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Our Vision

 

Our vision is to produce wines of excellent quality comparable with the best on the global market. We aim at creating wines that you will enjoy from the first time you taste them and leave you with a unique and memorable experience for years to come – and at a price you can afford.

 

 

About Monolithos Winery

 

Monolithos is a family-owned unique boutique winery with something for everyone. We are firm believers in the importance and contribution of “terroir”, and in producing our premium wines, only local grapes are used. Thanks to Pachna's excellent climate and high altitude (about 800 metres above sea level), these grapes are grown and matured on the vines in an optimal environment. We strive to create elegant wines that are very much "old world", whilst at the same time making use of the best of modern technology. Our hope is that you will appreciate the wines we have nurtured in our vineyards which have been produced and bottled in our winery. 


The Place and its History

 

Cyprus, the third largest island in the Mediterranean, is one of the European Union’s smallest countries. Historical evidence confirms that wine was produced in the eastern Mediterranean between 5000-4000 B.C.  Modern excavations have established that there existed a wealthy and remarkable society whose prosperity seems to have originated from and depended on viticulture, wine production and wine trading.
Cypriot wine was so popular that the Pharaohs of Egypt, the ancient Greeks and later the Romans placed orders for it. Cyprus wines were superb and in great demand in olden days and were an essential part of official banquets. At such banquets, Marc Anthony and Cleopatra are said to have toasted each other with it. Eventually, Mark Anthony gave Cyprus to Cleopatra, the legendary Queen of Egypt, as an ultimate token of love.


Today, Cyprus is a modern country that effortlessly marries European culture with ancient enchantment. It is not by mere chance that Cyprus has this long tradition of grape growing. The reasons are apparent: vines have been cultivated in their natural climate and soil environment for centuries. Cyprus has an intense Mediterranean climate with strong seasonal characteristics in respect to weather, temperature and rainfall. Summers are hot from mid-May to mid-September, and winters are mild from November to mid-March.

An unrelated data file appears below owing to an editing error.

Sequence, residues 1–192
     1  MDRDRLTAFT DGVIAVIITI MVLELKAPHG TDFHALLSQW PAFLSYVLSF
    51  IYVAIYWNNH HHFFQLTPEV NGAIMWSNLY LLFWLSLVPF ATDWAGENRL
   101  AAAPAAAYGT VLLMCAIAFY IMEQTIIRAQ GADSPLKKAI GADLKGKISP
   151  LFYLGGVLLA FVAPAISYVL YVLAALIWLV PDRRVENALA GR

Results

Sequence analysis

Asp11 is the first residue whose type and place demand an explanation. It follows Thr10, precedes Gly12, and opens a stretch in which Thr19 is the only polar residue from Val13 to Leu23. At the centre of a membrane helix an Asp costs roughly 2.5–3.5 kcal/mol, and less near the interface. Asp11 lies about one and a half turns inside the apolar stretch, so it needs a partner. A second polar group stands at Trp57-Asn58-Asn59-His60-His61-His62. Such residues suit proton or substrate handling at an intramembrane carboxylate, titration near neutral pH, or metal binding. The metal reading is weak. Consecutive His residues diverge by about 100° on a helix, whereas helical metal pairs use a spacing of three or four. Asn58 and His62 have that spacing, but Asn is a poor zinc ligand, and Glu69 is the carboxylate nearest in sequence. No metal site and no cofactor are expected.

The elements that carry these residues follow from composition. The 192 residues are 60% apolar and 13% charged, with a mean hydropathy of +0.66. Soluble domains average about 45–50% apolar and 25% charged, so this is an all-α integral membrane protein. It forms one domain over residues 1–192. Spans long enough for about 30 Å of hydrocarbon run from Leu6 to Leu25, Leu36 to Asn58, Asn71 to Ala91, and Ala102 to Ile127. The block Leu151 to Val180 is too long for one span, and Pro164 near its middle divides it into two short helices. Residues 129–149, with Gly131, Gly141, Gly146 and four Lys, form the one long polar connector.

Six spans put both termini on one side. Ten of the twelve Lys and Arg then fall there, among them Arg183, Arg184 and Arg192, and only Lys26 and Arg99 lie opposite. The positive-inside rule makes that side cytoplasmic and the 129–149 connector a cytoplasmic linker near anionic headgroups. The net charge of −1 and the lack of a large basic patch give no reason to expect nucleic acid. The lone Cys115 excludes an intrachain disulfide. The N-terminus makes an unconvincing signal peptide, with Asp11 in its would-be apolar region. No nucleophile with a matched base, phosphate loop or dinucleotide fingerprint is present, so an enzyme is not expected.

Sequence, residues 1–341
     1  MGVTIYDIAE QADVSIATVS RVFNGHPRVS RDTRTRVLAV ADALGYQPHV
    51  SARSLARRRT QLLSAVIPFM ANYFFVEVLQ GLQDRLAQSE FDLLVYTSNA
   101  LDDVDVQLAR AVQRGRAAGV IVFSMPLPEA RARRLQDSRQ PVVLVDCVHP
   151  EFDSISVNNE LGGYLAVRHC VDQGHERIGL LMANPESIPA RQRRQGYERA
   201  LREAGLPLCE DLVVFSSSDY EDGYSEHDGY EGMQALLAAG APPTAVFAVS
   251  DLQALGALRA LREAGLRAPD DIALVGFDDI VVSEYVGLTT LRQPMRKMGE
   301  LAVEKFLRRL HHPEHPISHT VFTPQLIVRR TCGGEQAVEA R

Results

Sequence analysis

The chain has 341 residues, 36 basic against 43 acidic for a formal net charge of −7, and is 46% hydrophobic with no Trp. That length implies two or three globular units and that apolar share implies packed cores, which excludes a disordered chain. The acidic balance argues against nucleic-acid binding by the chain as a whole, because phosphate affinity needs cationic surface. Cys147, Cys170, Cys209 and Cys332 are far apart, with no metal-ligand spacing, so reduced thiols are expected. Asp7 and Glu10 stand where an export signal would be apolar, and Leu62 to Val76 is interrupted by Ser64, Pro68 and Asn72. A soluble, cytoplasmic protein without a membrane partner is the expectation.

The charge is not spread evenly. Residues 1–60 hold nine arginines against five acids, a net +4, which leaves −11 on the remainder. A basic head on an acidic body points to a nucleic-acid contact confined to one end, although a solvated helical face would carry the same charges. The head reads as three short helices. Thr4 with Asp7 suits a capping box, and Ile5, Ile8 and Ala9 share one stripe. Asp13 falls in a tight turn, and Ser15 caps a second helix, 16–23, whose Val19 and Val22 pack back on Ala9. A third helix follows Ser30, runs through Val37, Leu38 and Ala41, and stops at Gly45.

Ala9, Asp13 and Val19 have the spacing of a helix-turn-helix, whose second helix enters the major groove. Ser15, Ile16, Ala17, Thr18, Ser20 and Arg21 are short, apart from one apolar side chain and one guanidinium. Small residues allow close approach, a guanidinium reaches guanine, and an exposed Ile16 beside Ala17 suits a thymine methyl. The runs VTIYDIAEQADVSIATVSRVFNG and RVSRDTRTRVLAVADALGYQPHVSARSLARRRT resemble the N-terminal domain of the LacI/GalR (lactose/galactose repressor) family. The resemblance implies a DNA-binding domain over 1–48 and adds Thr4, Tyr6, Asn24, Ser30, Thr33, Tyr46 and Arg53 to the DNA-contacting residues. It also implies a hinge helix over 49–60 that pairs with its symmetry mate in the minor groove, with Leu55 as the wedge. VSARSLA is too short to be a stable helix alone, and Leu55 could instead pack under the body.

The wine vineyards of Cyprus are mostly on the southern and western slopes of the Troodos mountain range with wine producing areas situated mainly in the Limassol district in the south (the “krasochoria” or the wine producing villages) and the Paphos district in the west. The vineyards are on hilly slopes, usually on terraces, of the Troodos Mountains with an altitude of 400m to 1300m above sea level. In the area of the “krasochoria”, where the soil is not sufficiently fertile for agriculture and the land is fractioned into small fields, wine grape growing wrote history and determined the distribution of human settlements.


The mountains are dotted with picturesque little villages where Cypriot hospitality abounds, where the donkey is a cherished beast of burden and where many nectarean wines can be sampled. Thousands of tiny vineyards cover the whole mountainous region encircled and protected by stone retaining walls; otherwise one of the violent flash floods that strike from time to time will wash away the loose earth. What vines like best is poor and well-drained soil. The majority of “krasochoria” soils are calcareous (chalk and limestone) sedimentary formations which are typically cool in temperature and which provide good water retention and drainage. 


The village of Pachna lies some 800 metres above sea level on the south western hills of the Troodos Mountain range and is the biggest of the krasochoria villages. On the limestone and chalky land of Pachna, the most common plant is the vine, with approximately 800 hectares cultivated with grapes. Various ancient objects have been discovered around the area of Pachna, which denote that settlements have existed since antiquity. According to archaeologists, the monoliths near the chapel of Ayios Stephanos, which for centuries were connected with legends, myths and a number of supernatural properties, are parts of special presses for olive oil production or perhaps grape crushers.
 

From the Press

Cyprus Diary, with George Lanitis, The Cyprus Weekly

“On a visit to Pakhna village in the Limassol district I discovered a fantastic wine called Monolithos”

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